A Fresh Perspective on Collision Repair

Oct. 26, 2009
When veteran service manager tony garris made the move to collision repair, he brought fresh eyes to the shop—and helped improve productivity and efficiency.

When Tony Garris was hired as the manager of Fred Beans Collision Center in Doylestown, Pa., two years ago, he brought an impressive 30 years of experience with him. The only catch: None of it was in collision repair.

Garris began his career in the automotive industry in 1979, starting in the parts department at a Toyota dealership and eventually moving to the service side. He intended to stay there, too, until Fred Beans intervened. Beans initially talked to Garris about a service manager position at one of his dealerships (the Fred Beans Family of Dealerships sells 20 different automotive makes throughout Pennsylvania), but ultimately talked Garris into another job: managing the company’s flagship 45,000-square-foot collision repair center.

Beans, who had researched lean and Six Sigma principles, had already switched to PPG and sent five employees to its MVP Green Belt training. He was looking for a manager who could energize employees while implementing big changes. Garris’ people skills and businesslike demeanor impressed Beans. “I thought Tony was the kind of guy who could look at the big picture,” he says.

It was a positive change for Garris—and the collision center. With the objective of restoring the shop’s profitability by improving efficiency and productivity, Garris and his 45 employees, along with Fred Beans corporate fixed operations director Greg Thrasher and PPG consultants, have revamped and refined every step of the repair process. In doing so, the shop—one of four collision repair centers that Fred Beans owns or co-owns—has seen a 300 percent improvement in cycle time (from 23 days to 6.4) and hours-per-day measurements (from 0.9 to 3.2), a 35 percent increase in tech productivity, eliminated more than 15 positions from the payroll without sacrificing customer service or repair quality, and expects a net profit increase of $500,000 this year over last year.

Getting Buy-In, Getting Started

Following PPG’s standard approach, Garris and Mark Mueller, senior manager for PPG’s Business Solutions Group, started with Value Stream Mapping and process mapping to identify problems and inefficiencies, and then empowered employees to create solutions. 

“Successful change is driven on a shop floor,” Mueller says. “It’s done in such a way that the people [who] are doing the job have ownership of the job, and have a lot of input into the changes that happen.”

Getting buy-in at every level of the organization is what Mueller considers the biggest challenge in implementing the Green Belt program. The collision center was primed for it, though: a few years earlier it had created a guiding coalition of employees from all levels of the company to collectively identify issues and work toward solutions, a key step in their transition to greater efficiency. And Garris, Mueller says, “has been very effective in guiding his people and keeping them engaged in the improvement process.”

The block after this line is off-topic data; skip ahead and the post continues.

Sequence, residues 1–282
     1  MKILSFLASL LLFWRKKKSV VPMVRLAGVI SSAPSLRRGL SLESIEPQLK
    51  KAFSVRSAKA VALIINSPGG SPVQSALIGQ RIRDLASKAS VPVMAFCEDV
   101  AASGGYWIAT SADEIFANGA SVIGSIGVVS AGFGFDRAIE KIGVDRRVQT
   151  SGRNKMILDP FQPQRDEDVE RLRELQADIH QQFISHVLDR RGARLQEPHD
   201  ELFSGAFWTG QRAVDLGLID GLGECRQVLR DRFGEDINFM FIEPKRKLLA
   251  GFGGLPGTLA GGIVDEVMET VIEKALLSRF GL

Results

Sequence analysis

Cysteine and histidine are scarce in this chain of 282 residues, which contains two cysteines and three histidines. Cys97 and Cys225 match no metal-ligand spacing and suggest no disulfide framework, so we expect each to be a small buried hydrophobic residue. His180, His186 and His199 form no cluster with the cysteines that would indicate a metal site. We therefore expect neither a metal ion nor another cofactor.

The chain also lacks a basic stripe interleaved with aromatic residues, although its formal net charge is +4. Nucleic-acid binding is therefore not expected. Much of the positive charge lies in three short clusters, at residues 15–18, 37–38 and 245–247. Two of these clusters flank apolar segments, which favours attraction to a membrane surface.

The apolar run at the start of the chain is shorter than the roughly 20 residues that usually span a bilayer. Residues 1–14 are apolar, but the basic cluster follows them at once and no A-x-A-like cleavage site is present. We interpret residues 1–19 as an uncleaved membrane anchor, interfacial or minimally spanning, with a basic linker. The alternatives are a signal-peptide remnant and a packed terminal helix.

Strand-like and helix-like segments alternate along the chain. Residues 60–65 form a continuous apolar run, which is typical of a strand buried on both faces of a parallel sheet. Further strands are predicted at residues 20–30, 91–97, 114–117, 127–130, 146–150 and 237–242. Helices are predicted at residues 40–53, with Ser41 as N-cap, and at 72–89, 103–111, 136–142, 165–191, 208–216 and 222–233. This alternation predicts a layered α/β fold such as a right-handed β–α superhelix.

A Better Teardown

The changes started with the shop’s repair planning process. “It’s crucial that you tear the vehicle down quickly to get as complete an estimate as possible, and identify 100 percent of the damage on the vehicle and order the parts before the next tech starts to work on the vehicle,” Garris says. But in order for one tech to tear apart the vehicle and another to put it back together, the teardown process has to be careful and well organized.

Initially, a team of techs did different levels of repair planning at the shop. But with Garris and Mueller’s guidance, the process was reconfigured: Four teams, each consisting of four bodymen and one repair planner, were formed, which improved communication between the techs during tear down.

Last year, another change was made and a separate team of repair planners was created. Now, two former techs do repair planning for the entire shop—a process that encompasses a set of preproduction processes that focus on eliminating delays and roadblocks—and are responsible for dispatching the work out to the teams. And even more recently, a “rack system” was implemented for each team’s repair orders, with sections that identify where each vehicle is in the repair process. The system helps the repair planners keep tabs on each team’s workload, and allows them to dispatch the work evenly, so no one group gets all of the ‘gravy work’ or all of the train wrecks, Garris says.

Excel at Scheduling

Once repair planning was addressed, scheduling was identified as another problem area. “We’d bring 30 or more vehicles in on a Monday, a few on Tuesday and Wednesday, and then none Thursday and Friday,” Garris says. “We’d end up with a big back-log in paint in the middle of the week, and then deliver 30 vehicles at the end of the week, which was chaos. We needed to put a process in place that would control that.”

A new process put control in the hands of customer service reps, who then gave estimators the available dates that customers could bring vehicles in. An Excel spreadsheet lists and tracks jobs by size. Each day, the shop can bring in one ‘red’ job (one requiring more than 40 hours of work); four ‘yellow’ jobs (those requiring between 20 and 40 hours); and seven ‘green jobs’ (those requiring less than 20 hours). As jobs are scheduled, they’re plugged in to the spreadsheet; once a day is full for a particular type of job, the customer service reps let estimators know the next available day. The result is a reduction in stress that has boosted morale. “Every day [employees can] expect that the volume of work will be consistent,” Garris says. “And it helps us mix up the size of the jobs.”